Ten, eleven, years later I was living in New York City, Queens, and I decided to have a go at poetry. I wrote, among others, this poem:
Let's move on down - or up or across or through - the timeline to 1997. I lived in a nice little, pastel yellow two-family house in Oakley, on Brazee Avenue, as I recall. I had the bottom apartment. It was a funny little setup; a living-room, a small bedroom, a kitchen along the back with a small cement porch and, a peculiarly large dining-room with a bay window that looked out upon nothing but a driveway and my neighbor's kitchen.
I had a desk - a door spanning two black filing cabinets - against one wall and a fairly large dining-room table in the unnecessary bay window. The desk held the first computer I'd ever owned and a printer with which I'd just finished writing the novel I'd spent a year on. It - the novel - sat waiting for whatever was next. I didn't know... I still don't.
Painting in acrylics had long been something I dabbled in. Poorly conceived, bright, unapologetic abstracts; big, clownish, ungainly things. I had a closet full of them. I knew they weren't very good, but I genuinely enjoyed the thought and effort and craft of it all and, well, before the internet, a fellow had a lot of time on his hands. I am forever grateful for that time.
I liked thick, right-off-the-palette-knife strokes and I'd been working on two dark and stormy canvasses. I would paint something over them, I wasn't sure what.
I took care of the lawn at this little house and the mower was in the two car garage out back. It was a derelict old building and the cars stayed away. There was a lot of junk crowded into it, boxes and old furniture, mystery items, defunct lawn chairs... you know. That afternoon I noticed a wooden bin built into the far back corner of the garage. What looked like wooden frames were sticking out of it in different sizes. I'd been painting earlier that morning and I thought, incorrectly, that they might be canvasses.
It was all the old storm and screen windows for the house, windows long ago replaced by new double-paned ones of plastic and vinyl. The glass storm windows were mostly cracked or missing the glass altogether. The screens were broken and torn, old patches bending off, rusting and crumbling as screens will untended. I wondered why they were still here - they seemed so purposeless.
In the center of the the rack one screen rose taller than the others. I pulled it out and it all came to me at once. It was fairly intact, only rusting around the bottom edge. It was thick with grime and mouse droppings and dust turned to dirt over time.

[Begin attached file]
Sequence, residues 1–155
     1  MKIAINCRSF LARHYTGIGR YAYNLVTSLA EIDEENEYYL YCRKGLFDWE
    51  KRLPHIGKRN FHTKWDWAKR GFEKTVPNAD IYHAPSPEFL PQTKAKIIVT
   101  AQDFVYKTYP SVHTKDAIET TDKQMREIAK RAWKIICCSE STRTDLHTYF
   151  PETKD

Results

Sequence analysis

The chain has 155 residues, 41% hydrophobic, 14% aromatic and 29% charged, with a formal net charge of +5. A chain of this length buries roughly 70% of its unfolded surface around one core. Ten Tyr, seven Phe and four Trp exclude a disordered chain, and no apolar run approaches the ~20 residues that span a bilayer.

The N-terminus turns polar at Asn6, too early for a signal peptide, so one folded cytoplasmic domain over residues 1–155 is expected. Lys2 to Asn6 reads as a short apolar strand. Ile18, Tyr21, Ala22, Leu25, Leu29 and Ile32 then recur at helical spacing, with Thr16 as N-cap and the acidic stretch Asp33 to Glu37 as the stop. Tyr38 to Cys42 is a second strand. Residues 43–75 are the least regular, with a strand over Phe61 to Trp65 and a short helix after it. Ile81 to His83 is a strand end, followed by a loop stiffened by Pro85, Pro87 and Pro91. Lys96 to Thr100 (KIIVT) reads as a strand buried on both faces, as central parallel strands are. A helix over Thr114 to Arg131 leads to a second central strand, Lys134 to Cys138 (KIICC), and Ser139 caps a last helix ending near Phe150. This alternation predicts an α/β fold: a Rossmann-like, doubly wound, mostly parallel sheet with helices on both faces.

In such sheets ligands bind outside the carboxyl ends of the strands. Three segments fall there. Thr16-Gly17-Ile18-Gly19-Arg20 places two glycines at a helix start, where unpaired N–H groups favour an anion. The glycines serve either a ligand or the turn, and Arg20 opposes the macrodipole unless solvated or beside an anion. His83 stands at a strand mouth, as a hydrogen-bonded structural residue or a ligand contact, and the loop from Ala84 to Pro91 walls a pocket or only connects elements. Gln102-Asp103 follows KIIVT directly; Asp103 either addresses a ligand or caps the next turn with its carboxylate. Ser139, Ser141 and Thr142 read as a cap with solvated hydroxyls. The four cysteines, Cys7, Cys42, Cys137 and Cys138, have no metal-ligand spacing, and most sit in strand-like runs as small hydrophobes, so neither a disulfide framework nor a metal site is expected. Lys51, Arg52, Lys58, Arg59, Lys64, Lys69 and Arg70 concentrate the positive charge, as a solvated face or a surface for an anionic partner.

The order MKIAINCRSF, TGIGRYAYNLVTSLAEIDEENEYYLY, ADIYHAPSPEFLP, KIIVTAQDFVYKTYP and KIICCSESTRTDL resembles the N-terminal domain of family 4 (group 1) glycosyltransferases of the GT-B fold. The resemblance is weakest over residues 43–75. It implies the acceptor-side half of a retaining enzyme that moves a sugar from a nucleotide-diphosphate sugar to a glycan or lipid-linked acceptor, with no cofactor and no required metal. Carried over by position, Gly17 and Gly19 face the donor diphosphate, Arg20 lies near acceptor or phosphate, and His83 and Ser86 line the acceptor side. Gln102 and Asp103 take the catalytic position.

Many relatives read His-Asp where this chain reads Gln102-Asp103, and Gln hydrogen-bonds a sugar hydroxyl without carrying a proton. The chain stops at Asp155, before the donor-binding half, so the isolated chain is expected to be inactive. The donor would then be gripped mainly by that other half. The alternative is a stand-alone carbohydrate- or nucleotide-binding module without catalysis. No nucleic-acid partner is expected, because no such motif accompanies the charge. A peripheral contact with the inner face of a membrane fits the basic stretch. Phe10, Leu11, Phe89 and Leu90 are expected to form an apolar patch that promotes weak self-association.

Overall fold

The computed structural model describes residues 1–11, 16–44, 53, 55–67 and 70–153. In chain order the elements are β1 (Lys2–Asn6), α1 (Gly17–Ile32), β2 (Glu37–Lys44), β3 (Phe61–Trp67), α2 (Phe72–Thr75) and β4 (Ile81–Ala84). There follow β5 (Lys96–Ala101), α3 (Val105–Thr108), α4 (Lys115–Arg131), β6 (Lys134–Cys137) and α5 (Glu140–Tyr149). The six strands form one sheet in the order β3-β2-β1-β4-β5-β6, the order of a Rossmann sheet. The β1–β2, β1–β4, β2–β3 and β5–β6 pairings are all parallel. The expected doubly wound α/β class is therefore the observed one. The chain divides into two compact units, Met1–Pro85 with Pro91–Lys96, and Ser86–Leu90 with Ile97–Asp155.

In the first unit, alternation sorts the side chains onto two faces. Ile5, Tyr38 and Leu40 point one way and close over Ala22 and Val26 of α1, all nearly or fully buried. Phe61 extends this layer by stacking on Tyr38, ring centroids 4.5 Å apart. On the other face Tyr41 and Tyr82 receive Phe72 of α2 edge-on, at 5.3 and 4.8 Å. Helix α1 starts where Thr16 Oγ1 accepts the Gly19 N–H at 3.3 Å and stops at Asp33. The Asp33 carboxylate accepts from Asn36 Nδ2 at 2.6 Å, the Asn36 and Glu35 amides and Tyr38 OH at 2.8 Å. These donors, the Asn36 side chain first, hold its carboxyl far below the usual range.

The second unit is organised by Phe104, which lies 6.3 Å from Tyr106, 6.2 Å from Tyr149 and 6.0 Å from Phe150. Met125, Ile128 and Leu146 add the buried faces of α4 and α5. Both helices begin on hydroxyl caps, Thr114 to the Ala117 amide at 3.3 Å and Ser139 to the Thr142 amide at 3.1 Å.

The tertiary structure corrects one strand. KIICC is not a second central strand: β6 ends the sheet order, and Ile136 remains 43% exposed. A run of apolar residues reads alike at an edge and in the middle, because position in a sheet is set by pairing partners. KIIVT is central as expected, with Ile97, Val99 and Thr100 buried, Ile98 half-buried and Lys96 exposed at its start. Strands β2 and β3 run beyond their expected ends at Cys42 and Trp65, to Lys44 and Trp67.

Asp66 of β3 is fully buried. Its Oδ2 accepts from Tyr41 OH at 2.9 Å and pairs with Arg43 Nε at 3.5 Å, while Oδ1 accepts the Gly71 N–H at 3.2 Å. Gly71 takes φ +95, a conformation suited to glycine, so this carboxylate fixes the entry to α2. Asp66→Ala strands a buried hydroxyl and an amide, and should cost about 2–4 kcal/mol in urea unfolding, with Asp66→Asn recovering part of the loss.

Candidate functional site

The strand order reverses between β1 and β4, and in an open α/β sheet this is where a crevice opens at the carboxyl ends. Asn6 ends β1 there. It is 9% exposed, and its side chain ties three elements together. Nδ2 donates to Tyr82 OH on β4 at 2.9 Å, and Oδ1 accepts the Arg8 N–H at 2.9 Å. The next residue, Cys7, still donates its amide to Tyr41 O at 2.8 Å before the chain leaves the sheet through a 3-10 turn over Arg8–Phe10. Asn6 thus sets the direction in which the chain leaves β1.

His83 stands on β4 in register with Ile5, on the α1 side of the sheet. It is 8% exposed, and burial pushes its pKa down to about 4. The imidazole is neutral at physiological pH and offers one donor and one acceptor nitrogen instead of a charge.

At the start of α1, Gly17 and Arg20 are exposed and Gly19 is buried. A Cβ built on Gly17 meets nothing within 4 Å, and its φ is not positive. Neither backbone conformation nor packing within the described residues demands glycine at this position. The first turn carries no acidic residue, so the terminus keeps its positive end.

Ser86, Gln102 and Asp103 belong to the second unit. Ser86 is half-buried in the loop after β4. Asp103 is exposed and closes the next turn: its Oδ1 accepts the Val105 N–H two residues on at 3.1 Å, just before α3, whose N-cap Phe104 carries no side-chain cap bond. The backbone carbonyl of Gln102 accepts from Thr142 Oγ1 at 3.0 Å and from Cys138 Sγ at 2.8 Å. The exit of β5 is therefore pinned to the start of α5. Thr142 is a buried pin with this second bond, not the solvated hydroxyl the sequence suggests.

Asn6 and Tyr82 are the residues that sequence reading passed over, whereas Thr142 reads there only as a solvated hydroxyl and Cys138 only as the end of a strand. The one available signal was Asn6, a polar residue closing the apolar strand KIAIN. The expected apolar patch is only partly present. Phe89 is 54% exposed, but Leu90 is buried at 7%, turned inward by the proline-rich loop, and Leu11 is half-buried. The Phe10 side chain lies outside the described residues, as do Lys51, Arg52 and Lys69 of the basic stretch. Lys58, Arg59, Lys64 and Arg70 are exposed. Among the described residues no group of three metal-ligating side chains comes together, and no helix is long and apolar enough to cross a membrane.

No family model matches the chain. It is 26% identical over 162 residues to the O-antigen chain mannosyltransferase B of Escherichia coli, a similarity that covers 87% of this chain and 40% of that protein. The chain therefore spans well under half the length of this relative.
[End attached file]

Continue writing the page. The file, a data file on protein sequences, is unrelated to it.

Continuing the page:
I didn't get the lawn mowed that day, not for a couple. I cleaned the screen up and painted it black and hand lettered the words to a poem, blowing them up, line by line on the computer, and printing the templates and mounting them on the underside of the screen and, carefully, stroke by stroke, painting the words in titanium white. I used the words to the poem I told you about earlier.
I worked hard on it, devoted way too much time to it, and when I finished, I hung the whole thing on a wall in the oversized dining-room. People liked it. I liked it. It was up at the apartment I moved to from that one, the one where I met Marci, and we had it in what would become the boys' room when we moved into this house. It's been in the basement since they were born.
Remember earlier when I asked should I work forwards or back? Well, this is where I'd have started if I'd've gone the other way.
Recently, an old friend of mine mentioned it: "... do you remember a screen you had on which you'd stenciled the words to a poem? Any chance you remember the poem? Was it one of yours"
I do, dear soul, and, yes, it was one of mine. And thank you from the bottom of my soul for remembering it, for reminding me of it, for returning it to its place in this story... my story.
I got it out to show you, to show my thoughtful companion, to show Nick and Zack, to show myself. I couldn't find a wall to accommodate it. I tried setting it up on the floor but I couldn't get a good picture of it. I finally looked outside, the wind was whipping up, storm clouds grayed the sky and the shed called to me, as sheds so often do...
So, that's it. That's the "all" of it. Stories spiraling backwards twisting with those going forward, like a double helix, meeting here and there, sharing, mingling, entwining with one another, forming a whole...
... for now.
Peace to you. I've kept you far too long, I know you must be running off. Thanks for stopping by.